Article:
What's A Pharmacy Benefit Manager, Anyway?
The Trump administration says pharmacy benefit managers (PBMs) perpetuate high drug prices. In Ohio, the state's Medicaid program tore up its contracts with PBMs, saying the companies need to change their business models if they want back in.
PBMs play a big role in how much we pay for prescription drugs, but what, exactly, is a PBM? And why are they taking so much heat?
A PBM's most important job is to haggle with Big Pharma to get the lowest possible prices for prescription drugs. Insurers and big employers who run their own insurance plans don't want to do that, so they line up to hire PBMs as a go-between.
You can think of PBMs like real estate agents, said Ashley Swanson, University of Pennsylvania economist. "They are doing a lot of complicated stuff, acting as an intermediary and performing all of these services. And the idea is they do it a lot so they are going to be good at it."
These companies started modestly in the 1960s but have grown into a $450 billion industry today, and serve more than 250 million Americans. PBMs have succeed because they are pretty good at mixing it up with drug companies, said Craig Garthwaite, an economist at Northwestern University. "If you or I decided we were going to go to Pfizer and say 'I'd like to pay less for the drug,' Pfizer is going to go tell you to go pound sand."
Pfizer wouldn't say that to big PBMs like Express Scripts or CVS, or even smaller players because PBMs draw negotiating power by pooling all their customers together. But size is just part of the equation.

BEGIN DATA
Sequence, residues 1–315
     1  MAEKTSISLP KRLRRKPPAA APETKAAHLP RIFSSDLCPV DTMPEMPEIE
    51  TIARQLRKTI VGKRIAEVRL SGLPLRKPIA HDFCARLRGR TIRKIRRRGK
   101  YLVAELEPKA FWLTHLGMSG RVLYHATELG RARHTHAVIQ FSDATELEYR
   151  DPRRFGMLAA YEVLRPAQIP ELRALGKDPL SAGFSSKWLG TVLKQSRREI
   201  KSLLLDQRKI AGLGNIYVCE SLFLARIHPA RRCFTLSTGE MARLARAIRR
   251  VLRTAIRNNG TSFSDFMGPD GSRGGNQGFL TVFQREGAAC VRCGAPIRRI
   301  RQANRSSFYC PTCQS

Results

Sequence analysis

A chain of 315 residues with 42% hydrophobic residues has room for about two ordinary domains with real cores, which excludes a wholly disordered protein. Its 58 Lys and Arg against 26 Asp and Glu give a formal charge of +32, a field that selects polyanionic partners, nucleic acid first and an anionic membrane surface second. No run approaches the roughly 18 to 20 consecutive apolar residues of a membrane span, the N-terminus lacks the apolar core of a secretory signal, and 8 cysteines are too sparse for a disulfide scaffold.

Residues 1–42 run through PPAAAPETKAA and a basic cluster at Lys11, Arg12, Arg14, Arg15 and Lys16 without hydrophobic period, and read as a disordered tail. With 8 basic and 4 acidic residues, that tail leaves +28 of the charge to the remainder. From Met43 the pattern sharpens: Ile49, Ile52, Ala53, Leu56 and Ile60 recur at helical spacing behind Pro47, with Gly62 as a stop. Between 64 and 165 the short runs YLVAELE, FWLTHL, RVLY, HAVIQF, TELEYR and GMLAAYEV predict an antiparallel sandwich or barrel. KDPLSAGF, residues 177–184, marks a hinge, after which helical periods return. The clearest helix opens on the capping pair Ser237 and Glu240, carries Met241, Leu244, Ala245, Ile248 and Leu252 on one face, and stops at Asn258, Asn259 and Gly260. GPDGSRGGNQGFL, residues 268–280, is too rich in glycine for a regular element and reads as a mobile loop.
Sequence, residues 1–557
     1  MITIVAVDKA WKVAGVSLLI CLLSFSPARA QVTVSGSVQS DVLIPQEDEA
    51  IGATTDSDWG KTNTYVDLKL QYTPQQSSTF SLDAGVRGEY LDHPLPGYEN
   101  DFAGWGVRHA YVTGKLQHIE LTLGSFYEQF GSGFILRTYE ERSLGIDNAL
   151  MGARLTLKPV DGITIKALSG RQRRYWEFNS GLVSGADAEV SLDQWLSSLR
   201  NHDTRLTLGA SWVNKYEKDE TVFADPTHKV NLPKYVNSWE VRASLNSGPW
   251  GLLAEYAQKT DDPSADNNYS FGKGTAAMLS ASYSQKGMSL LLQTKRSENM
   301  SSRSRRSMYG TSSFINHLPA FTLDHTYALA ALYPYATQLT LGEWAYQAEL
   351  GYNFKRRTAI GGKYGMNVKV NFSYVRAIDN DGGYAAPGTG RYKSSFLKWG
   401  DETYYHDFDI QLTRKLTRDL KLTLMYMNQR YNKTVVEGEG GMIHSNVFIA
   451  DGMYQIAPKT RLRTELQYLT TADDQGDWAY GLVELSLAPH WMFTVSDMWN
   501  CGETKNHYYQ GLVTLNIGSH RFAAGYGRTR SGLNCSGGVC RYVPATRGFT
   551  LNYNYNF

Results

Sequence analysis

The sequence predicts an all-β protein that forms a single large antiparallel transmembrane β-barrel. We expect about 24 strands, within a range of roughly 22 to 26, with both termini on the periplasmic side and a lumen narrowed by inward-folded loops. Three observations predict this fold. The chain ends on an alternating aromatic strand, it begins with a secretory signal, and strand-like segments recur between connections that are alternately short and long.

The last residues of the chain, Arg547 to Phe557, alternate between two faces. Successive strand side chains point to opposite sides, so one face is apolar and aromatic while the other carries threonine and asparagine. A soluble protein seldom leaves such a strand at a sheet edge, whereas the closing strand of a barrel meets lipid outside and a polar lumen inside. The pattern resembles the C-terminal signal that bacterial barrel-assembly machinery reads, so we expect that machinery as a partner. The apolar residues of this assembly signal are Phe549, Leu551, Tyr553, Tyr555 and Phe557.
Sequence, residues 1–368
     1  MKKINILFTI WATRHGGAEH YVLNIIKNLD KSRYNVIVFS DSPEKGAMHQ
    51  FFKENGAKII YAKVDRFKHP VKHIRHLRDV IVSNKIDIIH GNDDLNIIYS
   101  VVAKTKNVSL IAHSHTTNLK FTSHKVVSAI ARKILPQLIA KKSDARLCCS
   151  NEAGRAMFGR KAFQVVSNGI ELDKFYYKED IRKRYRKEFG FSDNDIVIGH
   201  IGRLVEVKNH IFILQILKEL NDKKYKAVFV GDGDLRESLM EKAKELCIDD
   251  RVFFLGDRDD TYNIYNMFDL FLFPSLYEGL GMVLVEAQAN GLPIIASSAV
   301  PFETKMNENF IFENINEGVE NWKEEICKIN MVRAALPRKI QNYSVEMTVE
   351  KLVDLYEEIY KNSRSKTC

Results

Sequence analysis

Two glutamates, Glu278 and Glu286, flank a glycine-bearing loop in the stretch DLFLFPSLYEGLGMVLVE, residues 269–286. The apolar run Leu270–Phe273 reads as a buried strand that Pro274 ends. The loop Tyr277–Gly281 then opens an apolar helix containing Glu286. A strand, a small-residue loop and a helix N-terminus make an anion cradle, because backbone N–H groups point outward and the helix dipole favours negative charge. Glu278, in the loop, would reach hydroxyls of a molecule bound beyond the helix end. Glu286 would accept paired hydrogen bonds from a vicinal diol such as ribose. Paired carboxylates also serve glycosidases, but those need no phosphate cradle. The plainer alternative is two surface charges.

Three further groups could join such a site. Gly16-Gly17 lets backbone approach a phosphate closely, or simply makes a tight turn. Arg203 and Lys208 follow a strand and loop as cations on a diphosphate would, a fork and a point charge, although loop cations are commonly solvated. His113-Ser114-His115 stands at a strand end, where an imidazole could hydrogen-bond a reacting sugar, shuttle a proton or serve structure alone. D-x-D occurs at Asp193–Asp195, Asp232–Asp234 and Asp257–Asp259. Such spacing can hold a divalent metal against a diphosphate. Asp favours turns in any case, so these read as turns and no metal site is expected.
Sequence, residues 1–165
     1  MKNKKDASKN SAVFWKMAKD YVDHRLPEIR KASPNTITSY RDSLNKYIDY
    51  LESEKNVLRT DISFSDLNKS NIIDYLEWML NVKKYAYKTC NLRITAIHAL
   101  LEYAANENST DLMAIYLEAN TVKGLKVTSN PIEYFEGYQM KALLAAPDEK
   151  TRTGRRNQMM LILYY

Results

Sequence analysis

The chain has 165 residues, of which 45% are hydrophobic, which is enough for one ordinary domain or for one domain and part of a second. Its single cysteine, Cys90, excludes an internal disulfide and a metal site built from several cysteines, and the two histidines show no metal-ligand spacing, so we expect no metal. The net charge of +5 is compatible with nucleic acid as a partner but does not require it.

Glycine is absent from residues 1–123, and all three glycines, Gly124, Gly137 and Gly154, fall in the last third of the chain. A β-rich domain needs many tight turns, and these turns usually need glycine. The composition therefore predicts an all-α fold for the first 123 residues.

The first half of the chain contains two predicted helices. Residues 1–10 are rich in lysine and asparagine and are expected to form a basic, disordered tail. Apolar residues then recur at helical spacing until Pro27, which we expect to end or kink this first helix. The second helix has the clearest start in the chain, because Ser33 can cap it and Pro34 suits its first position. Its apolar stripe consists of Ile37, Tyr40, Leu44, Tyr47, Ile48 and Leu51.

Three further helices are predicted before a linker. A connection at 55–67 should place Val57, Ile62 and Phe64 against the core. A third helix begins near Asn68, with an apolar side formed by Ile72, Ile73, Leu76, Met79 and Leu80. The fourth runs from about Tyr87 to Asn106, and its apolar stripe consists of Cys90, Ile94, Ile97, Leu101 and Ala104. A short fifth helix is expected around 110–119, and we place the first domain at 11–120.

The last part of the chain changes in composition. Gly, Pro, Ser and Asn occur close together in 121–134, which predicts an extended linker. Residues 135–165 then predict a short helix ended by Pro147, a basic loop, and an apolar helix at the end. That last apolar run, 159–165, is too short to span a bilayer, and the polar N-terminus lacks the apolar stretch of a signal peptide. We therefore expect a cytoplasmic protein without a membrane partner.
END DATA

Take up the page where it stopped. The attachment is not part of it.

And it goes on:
"In order to get pharmaceutical manufacturers to cut a deal on price, you have to be able to say no," Swanson said. She said the secret to securing rock-bottom prices comes from PBMs creating a list of drugs they will cover. This is called a formulary. If a PBM doesn't get a good price, it will keep the drug off its list, which means a person can get his or her medicine only by paying full price.
To have access to a PBM's consumers, drug makers often agree to steep discounts, said Geoffrey Joyce, USC economist. "That price competition in theory is good. In theory it can save consumers money," he said.
But here's the thing; contracts between PBMs and drug makers are secret. "No one really knows how badly they are getting ripped off. Know one knows what type of a rebate the PBM got," Joyce said. So those who hire PBMs are kind of in the dark. They don't know how much of the money that PBMs wrestle away from drug companies gets passed on to insurers and employers, and how much the PBMs keep for themselves.
Research firm IBISWorld says the industry earned $19.5 billion in profits last year. Critics say profits like that show PBMs are putting their clients second.
But Sharon Frazee with the Pharmacy Benefit Management Institute, which represents PBMs, says those same industry profits prove PBMs are playing a critical role in keeping drugs costs in check. "People could contract directly with manufacturers but that almost never happens," she said. "Because I think there is value seen in the expertise that PBMs bring to the marketplace."
As drug prices continue to climb, more people are troubled by PBMs' business practices. They wonder how much these middlemen are lowering drug spending or just padding their own pockets.
This story originally ran on Marketplace.